Conditions of Formation of Copeton Diamonds LAWRENCE M. BARRON 1, B.JANE BARRON 2, TERRENCE P. MERNAGH 3 1 Geological Survey of New South Wales, PO Box 536, St Leonards New South Wales 1590, Australia, 2 BJ Barron Petrologist, 7 Fairview Avenue, St. Ives, NSW, Australia 2075, 3 Geoscience Australia, GPO Box 378, Canberra ACT 2601 Australia
Copeton and Bingara Tertiary alluvial deposits produced about 94% and 4% respectively of the two million diamonds mined in NSW, more than 1000km from the nearest craton. Laser Raman spectroscopy is used to determine the remnant internal pressure on inclusions in six Copeton diamonds: 30, 33, and 35 kbar for coesite, 13.6 and 23 kbar for diopsidic omphacite, and 8 kbar for grossular garnet. These generate six PT loci that restrict the range of diamond formation conditions from 400 ºC, 48 kbar to 880 ºC, 54 kbar (± 50 ºC and ± 4 kbar). The diamonds formed 250- 400 ºC too low to be cratonic diamond (only subduction!), argon age dates on Copeton and Bingara diamonds should be interpreted as the age of crystallization (not emplacement), the diamonds formed by Carboniferous ultra high pressure (UHP) metamorphism in Eastern Australia, and there is a local source for Copeton diamonds.
Eclogitic garnets and a conceptual model for Phanerozoic subduction diamonds, Bingara area, New England Fold Belt, NSW B.JANE BARRON 1, L.M. BARRON 2, G. DUNCAN 3 1 Consulting Petrologist, 7 Fairview Ave., St Ives, NSW 2075, Australia. 2 Geological Survey of New South Wales, PO Box 536, St Leonards New South Wales 1590, Australia. 3 Rimfire Pacific Mining NL, Level 13, 379 Queen Street Brisbane, Queensland 4000, Australia.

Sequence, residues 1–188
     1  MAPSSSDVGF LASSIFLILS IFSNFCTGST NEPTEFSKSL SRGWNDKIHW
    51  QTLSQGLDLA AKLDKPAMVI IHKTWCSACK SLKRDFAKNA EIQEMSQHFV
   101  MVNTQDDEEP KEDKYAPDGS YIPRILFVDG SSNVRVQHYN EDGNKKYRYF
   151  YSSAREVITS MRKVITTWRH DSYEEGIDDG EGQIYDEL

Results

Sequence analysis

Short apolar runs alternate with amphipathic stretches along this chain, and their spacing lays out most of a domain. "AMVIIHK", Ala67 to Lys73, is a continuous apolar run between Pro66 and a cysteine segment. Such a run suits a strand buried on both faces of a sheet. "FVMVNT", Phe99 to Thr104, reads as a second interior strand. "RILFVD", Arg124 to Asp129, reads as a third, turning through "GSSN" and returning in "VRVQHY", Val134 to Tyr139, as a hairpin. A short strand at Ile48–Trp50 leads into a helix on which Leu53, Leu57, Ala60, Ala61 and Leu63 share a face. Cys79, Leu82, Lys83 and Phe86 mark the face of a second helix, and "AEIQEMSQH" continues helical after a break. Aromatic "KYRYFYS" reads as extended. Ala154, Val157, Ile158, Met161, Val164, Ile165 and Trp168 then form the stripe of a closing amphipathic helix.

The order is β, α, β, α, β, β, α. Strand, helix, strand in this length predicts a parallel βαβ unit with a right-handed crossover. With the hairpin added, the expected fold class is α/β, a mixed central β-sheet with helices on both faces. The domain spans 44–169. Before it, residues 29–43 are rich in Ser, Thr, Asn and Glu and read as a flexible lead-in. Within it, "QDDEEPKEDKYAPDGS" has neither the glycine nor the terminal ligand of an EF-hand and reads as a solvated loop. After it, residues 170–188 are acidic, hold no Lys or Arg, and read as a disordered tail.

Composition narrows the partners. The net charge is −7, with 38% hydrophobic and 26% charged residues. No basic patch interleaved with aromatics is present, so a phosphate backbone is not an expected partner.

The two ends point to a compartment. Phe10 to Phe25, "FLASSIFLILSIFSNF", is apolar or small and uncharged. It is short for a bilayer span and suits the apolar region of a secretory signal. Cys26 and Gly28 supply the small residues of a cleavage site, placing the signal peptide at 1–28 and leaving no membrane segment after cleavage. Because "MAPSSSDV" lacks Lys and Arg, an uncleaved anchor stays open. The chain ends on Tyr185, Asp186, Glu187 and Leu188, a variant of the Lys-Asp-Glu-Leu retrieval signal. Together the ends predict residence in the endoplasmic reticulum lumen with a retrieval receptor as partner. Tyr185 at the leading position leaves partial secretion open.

Although Bingara (north eastern NSW) is located in the low metamorphic grade, accreted basement rocks of the Phanerozoic New England Fold Belt, abundant diamonds were mined here from Tertiary alluvial deposits. Samples of the nearby modern drainage system and soils, taken by Rimfire Pacific Mining NL, yielded five diamonds and high pressure (HP) to ultrahigh-pressure (UHP) metamorphic minerals such as garnet, corundum, kyanite, staurolite, rutile, and sapphirine. Using the Bingara garnet compositions and known tectonic setting we investigate the mantle, and present a conceptual model for subduction formation of diamonds and UHP garnets, and their delivery to the surface.
Most garnets are from eclogites originating from two types of MORB (mid-oceanic ridge basalt and picrite); eclogite after arc-related basalt; and orthogneiss derived from subducted continental crust. Protolith obduction is indicated by abundant crystallographically oriented (exsolved) rutile rods in some garnets, formed by changes in UHP garnet compositions in response to decompression.
We propose that buoyant continental crust (Lord Howe Rise Microcontinent) was attached to, and deeply subducted with Carboniferous oceanic slab. This facilitated significant and rapid partial obduction of eclogitic diamond- and garnet-bearing material to levels accessible for sampling by relatively shallow-sourced local magmas (such as basanite and even dolerite), without invoking deep-sourced kimberlitic or lamproitic volcanism. Stacked slabs under the Bingara region (forming a buried UHP terrane or proto- keel) allowed such magmas to access garnets and diamonds of different Phanerozoic ages and types. Abundant diatremes and pre-Tertiary igneous rocks in Eastern Australia therefore provide attractive targets for discovery of a commercial diamond deposit in an ‘unconventional’ tectonic setting.